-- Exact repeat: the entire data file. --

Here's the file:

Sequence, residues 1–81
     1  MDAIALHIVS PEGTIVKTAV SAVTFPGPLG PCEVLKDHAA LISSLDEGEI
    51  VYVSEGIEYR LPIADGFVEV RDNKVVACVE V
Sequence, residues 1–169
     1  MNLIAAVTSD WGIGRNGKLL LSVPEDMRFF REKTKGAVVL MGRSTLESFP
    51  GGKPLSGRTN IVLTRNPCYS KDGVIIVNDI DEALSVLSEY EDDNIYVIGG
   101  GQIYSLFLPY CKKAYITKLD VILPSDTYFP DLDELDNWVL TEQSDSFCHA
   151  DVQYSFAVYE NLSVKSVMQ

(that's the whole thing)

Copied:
Sequence, residues 1–81
     1  MDAIALHIVS PEGTIVKTAV SAVTFPGPLG PCEVLKDHAA LISSLDEGEI
    51  VYVSEGIEYR LPIADGFVEV RDNKVVACVE V
Sequence, residues 1–169
     1  MNLIAAVTSD WGIGRNGKLL LSVPEDMRFF REKTKGAVVL MGRSTLESFP
    51  GGKPLSGRTN IVLTRNPCYS KDGVIIVNDI DEALSVLSEY EDDNIYVIGG
   101  GQIYSLFLPY CKKAYITKLD VILPSDTYFP DLDELDNWVL TEQSDSFCHA
   151  DVQYSFAVYE NLSVKSVMQ